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The peace pilot prepares to take flight

The pilot with a $1.5 million plane will take six months to fly from San Diego to the South Pole, then North Pole and back again. Here's why.

EL CAJON, Calif. —

Not many people have traveled all the way around the planet in a plane for peace.  In this Zevely Zone, I went to Gillespie Field to meet a local pilot who will leave San Diego to fly to the South Pole, the North Pole and back to San Diego.  

San Diego pilot Robert DeLaurentis wants to inspire the world by flying all the way around it. 

"So, this is your baby?" I asked while standing in front of his plane.  

"Yes, this is my baby. The Citizen of the World, actually - it's everyone's baby," said Robert.  

The pilot with a $1.5 million plane will take six months to complete the flight, which made me want to ask, "Did you have a job at some point in your life?"  

Robert responded with a laugh, "I've had jobs but not in flying. I've had jobs. I started out in accounting. I worked for Arthur Anderson: a big eight accounting firm for a few years."  

Robert invested in real estate, did well, and now focuses on his passion project, which is flying.

The most dangerous part of the trip for Robert will be when he flies from the tip of Chile to the South Pole and back. It is a 20-hour stretch and he can't fall asleep.

"What is your secret for staying awake?" I asked.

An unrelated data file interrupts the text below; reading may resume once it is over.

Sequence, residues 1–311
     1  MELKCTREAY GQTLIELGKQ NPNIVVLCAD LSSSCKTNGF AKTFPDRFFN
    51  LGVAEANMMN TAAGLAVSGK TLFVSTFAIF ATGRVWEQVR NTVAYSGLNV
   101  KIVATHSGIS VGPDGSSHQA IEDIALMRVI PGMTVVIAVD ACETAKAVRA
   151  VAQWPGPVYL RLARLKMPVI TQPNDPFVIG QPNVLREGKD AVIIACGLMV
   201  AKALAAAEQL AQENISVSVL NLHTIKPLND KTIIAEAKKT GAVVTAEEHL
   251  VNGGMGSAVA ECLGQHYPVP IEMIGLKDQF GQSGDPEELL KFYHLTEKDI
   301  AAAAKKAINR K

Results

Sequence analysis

Robert told me, "Fear. The last guy who tried it in a plane - I asked him ‘how did you stay awake that long?’ and he said ‘you know, Robert, I was afraid the entire time.’"

In 2015 when Robert flew the Spirit of San Diego around the planet, engine failure at 14,000 feet forced him to coast without power for 20 miles.  He showed me a picture following that emergency landing that people ask him about all the time. 

The last time he flew around the globe, he flew around the equator, but this time he is flying from the South Pole to North Pole, which he says is far more difficult.  Extreme temperatures and vast distances are two of the challenges that used to make Robert stress out.

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After Robert wrote a book called Zen Pilot, the deeper meanings in life started adding up for this former accountant. 

"You know, at a time when the world is divided by politics and religion and financial issues [I think] that maybe we can do something to connect people," said Robert.

You might think he's got his head in the clouds, but Robert says wars have never been fought at the North or South Pole, so why not fly for peace and unite us all? It's an idea that might just take off.  The money raised from Robert's flight will help children learn how to fly.  Robert plans to leave San Diego on Nov. 16. If you'd like to follow along with his flight, go to www.PoleToPoleflight.com

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